HHS: Two large healthcare systems still face 'significant' operational challenges from WannaCry

HHS says two "large, multi-state" health systems are dealing with operational challenges from WannaCry.

Three weeks after the WannaCry malware virus encrypted IT systems across the globe, two large health systems in the U.S. are still dealing with the aftermath.

Despite reports that the U.S. healthcare system was largely spared from the WannaCry attack that affected hospitals in the U.K.’s health system, the Department of Health and Human Services (HHS) issued an alert Monday indicating the agency knows of two “large, multi-state” hospital systems that are dealing with “significant challenges to operations because of the WannaCry malware.”

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HHS offered no information regarding which two systems are still affected or what operational difficulties those systems were currently facing, but noted that the “virus can persist on a machine that has been patched” and disrupt the operating system as it scans the network.

The agency warned providers that the virus could persist on computers that were infected prior to a patch update.

“A newly patched system could have been previously infected, and if so, would still scan for other vulnerable systems and/or encrypt files,” the notice read. “Patching a system is similar to how in physical medicine, a quarantine will prevent an infection from spreading however will not cure the patient who has been quarantined.”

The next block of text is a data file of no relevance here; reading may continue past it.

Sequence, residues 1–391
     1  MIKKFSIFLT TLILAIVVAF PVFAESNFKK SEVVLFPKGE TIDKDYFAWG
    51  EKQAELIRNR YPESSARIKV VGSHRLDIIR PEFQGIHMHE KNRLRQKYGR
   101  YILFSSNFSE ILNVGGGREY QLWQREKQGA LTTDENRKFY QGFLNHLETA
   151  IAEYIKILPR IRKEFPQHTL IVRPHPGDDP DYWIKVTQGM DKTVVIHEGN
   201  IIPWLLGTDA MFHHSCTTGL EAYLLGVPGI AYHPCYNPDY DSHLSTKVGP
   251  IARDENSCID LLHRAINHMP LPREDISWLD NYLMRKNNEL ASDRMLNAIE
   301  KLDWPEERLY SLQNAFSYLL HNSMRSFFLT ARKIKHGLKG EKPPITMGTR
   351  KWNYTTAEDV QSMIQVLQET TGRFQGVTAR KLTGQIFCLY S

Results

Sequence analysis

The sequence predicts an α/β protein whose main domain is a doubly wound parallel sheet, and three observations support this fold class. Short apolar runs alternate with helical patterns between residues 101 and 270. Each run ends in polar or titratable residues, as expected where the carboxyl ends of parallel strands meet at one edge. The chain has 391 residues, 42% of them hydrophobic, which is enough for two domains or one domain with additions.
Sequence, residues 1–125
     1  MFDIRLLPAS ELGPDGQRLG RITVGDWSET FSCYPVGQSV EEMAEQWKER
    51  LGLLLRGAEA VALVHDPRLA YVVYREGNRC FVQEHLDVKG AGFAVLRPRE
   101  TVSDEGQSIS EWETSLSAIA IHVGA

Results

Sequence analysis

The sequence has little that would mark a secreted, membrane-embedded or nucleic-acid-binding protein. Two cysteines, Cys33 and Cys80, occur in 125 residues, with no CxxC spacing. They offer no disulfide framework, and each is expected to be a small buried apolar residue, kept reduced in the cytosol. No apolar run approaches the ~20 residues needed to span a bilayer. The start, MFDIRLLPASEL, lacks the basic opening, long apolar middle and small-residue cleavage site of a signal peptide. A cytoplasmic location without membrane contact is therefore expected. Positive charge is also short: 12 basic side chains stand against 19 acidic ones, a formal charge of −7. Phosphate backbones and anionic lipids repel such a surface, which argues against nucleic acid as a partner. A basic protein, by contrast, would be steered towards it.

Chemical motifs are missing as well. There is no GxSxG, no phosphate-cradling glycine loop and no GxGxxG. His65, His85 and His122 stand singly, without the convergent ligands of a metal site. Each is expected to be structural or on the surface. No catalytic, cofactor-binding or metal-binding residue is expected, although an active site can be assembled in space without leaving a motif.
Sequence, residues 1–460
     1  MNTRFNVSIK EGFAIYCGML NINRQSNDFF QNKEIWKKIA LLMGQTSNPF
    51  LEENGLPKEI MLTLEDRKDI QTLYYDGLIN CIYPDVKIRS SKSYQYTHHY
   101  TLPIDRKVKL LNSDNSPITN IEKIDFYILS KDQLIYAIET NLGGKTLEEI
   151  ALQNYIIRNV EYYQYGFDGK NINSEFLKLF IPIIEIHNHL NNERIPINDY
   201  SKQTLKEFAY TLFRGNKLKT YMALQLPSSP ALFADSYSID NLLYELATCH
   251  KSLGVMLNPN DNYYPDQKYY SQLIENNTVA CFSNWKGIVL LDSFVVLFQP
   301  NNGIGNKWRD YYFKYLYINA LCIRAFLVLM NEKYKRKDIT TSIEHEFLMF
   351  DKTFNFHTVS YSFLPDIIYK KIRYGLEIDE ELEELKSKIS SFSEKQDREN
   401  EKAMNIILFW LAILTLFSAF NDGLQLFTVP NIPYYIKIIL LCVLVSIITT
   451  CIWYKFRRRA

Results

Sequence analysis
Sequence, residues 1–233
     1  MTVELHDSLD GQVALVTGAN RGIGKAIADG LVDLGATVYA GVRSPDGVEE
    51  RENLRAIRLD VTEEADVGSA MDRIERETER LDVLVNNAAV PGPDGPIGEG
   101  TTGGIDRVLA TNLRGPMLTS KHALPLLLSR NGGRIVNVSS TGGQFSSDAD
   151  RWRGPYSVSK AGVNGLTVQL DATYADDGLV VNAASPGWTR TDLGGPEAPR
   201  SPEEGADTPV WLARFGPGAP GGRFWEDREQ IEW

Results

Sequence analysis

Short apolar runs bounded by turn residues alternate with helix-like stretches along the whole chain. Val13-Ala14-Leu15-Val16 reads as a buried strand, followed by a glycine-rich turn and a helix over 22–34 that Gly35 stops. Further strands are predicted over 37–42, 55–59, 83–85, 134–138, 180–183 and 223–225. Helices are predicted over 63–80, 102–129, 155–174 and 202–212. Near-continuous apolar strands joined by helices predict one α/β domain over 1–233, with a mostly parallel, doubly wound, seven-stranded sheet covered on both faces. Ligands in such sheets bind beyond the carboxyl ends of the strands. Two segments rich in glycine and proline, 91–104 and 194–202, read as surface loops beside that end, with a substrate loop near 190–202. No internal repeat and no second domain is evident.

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HHS recommended hospitals patch systems and disable Windows’ Server Message Block version 1 (SMBv1) protocol on all devices and on the firewall if possible. Systems should also consider quarantining devices where SMBv1 cannot be disabled.

The alert came days after the HHS Cyber Security Task Force released a comprehensive report detailing the security gaps across the healthcare industry. 

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Previous reports indicated that medical devices manufactured by Bayer and Siemens were infected with the WannaCry virus, but there have been virtually no reports of hospital disruption. Some said U.S. businesses had more time to react to the virus, while several cybersecurity experts have warned that the next attack could have much more substantial disruption to patient care.